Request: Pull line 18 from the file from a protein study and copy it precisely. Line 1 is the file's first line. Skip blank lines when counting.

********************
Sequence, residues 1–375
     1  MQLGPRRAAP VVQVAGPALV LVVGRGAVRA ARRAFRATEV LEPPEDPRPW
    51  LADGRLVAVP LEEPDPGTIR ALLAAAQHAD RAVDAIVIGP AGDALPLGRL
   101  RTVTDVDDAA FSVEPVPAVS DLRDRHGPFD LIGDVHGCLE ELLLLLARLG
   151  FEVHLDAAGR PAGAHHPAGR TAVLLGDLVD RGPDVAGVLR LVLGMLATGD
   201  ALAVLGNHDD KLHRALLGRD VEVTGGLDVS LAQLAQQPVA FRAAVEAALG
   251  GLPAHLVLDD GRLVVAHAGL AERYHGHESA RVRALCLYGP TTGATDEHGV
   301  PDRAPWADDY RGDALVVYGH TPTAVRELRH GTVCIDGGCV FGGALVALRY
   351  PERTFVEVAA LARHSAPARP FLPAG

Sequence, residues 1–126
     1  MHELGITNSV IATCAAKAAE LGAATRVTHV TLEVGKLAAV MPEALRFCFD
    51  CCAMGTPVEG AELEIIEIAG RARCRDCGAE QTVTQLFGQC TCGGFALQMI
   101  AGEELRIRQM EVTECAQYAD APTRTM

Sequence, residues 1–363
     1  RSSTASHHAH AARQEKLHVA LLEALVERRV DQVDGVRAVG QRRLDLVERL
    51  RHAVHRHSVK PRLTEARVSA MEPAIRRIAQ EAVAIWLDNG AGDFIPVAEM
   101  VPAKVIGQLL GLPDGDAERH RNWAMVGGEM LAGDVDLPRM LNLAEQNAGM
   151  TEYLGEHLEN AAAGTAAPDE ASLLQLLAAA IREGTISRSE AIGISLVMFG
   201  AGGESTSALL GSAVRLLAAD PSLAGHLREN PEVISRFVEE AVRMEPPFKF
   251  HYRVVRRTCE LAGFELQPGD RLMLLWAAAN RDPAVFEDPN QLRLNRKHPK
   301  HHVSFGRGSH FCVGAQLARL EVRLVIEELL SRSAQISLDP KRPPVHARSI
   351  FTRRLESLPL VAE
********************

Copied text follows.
   151  TEYLGEHLEN AAAGTAAPDE ASLLQLLAAA IREGTISRSE AIGISLVMFG